An exciting wave of new Copilot+ AI PCs powered by Qualcomm's Snapdragon X Elite processors already had me opening my wallet and frantically checking my savings to see how much cash I was willing to part with. To check all of the boxes in my list of preferences, the obvious choice for a portable Windows device no larger than 14 inches, boasting an OLED screen and 5G compatibility, would be the brand-new Microsoft Surface 11th Edition. It's not cheap, starting at $1,499.99 for an X Elite variant with an OLED panel, but I had a tricky scheme up my sleeve.

Inspired by the "Steam Deck" method (self-titled) of buying the cheapest model with the smallest amount of storage and manually upgrading the internal solid-state drive (SSD.) Microsoft charges a $200 premium to upgrade from 512GB to 1TB, but a $79.99 Corsair-branded 1TB M.2-2230 drive is fine and far cheaper. However, Microsoft stamps out my dreams by delaying options with 5G to "later in 2024." So close, you almost had my money before my conscience kicked in.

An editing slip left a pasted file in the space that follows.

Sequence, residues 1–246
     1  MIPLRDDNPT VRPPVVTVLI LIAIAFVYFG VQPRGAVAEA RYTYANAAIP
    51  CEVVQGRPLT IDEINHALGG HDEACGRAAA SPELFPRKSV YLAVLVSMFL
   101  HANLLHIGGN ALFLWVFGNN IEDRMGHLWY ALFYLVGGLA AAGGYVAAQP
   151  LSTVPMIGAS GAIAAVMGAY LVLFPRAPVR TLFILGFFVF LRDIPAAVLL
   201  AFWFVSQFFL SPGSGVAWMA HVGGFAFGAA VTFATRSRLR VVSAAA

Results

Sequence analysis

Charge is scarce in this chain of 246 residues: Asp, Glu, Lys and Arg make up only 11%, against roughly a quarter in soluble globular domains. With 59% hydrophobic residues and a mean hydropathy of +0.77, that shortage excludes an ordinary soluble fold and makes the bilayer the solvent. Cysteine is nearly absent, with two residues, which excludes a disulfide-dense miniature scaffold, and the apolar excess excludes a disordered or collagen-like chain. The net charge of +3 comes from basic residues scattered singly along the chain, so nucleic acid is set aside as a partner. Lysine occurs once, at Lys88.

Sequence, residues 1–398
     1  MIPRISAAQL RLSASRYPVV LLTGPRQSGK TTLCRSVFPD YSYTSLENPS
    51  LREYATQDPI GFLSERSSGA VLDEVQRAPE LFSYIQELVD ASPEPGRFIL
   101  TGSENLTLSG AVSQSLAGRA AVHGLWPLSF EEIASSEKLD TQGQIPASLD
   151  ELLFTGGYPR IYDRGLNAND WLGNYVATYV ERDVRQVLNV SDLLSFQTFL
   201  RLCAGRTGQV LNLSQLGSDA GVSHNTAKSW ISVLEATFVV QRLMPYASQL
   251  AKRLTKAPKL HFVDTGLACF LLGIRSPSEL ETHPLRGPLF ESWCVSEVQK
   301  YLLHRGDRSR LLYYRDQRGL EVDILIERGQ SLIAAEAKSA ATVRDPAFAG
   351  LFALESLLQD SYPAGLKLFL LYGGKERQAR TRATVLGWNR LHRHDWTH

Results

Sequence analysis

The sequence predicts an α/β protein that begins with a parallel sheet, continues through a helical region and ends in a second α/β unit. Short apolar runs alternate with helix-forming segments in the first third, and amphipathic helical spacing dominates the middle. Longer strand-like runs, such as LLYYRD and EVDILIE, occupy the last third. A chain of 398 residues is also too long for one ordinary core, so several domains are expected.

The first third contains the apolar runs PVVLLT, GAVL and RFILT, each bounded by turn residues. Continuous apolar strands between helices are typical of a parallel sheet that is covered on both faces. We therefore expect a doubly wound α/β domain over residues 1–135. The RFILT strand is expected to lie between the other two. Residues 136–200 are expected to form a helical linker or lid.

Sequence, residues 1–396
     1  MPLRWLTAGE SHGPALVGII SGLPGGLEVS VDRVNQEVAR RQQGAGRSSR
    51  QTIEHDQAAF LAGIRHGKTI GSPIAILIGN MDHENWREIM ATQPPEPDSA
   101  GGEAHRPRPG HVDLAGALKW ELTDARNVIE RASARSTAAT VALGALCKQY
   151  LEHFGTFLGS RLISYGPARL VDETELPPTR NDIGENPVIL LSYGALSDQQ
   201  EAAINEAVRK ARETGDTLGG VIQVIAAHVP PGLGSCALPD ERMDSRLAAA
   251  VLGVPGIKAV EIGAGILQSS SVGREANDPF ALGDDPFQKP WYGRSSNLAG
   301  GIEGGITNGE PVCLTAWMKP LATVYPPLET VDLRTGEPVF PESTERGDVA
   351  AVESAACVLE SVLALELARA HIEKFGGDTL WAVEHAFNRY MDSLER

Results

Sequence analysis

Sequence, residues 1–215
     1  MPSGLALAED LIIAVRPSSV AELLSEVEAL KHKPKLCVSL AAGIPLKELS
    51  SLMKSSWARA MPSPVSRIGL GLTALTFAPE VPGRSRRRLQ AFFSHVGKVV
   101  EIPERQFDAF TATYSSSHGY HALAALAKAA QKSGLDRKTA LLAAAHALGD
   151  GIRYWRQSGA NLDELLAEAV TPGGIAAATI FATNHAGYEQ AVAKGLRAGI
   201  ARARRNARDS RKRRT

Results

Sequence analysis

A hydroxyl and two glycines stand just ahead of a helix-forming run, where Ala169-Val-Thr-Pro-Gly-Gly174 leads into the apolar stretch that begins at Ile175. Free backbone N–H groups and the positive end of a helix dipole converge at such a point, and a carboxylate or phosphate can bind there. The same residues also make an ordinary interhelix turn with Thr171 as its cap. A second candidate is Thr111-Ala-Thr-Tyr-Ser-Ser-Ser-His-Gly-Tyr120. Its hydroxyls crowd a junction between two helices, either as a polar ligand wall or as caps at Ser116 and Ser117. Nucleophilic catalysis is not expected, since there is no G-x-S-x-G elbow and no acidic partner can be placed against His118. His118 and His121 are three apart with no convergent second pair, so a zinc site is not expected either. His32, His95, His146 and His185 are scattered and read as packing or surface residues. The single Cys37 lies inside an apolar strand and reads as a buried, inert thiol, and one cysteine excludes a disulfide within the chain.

And that's it. None of the other Copilot+ AI PCs that I would otherwise consider, like a Dell XPS or Lenovo Yoga/Slim, offer 5G connectivity (yet). Intel's Lunar Lake chips are just around the corner, too, promising the same 45 TOPS NPU performance as Snapdragon X alongside an earnest effort to match or beat battery life in an expanded range of Copilot+ devices. So, as it stands, my "dream" Windows PC doesn't quite exist yet, but it's close. Extremely close.

Microsoft Surface shifted my perspective

A second-hand Surface Pro X was a bargain entry-point into Windows on Arm. (Image credit: Ben Wilson | Windows Central)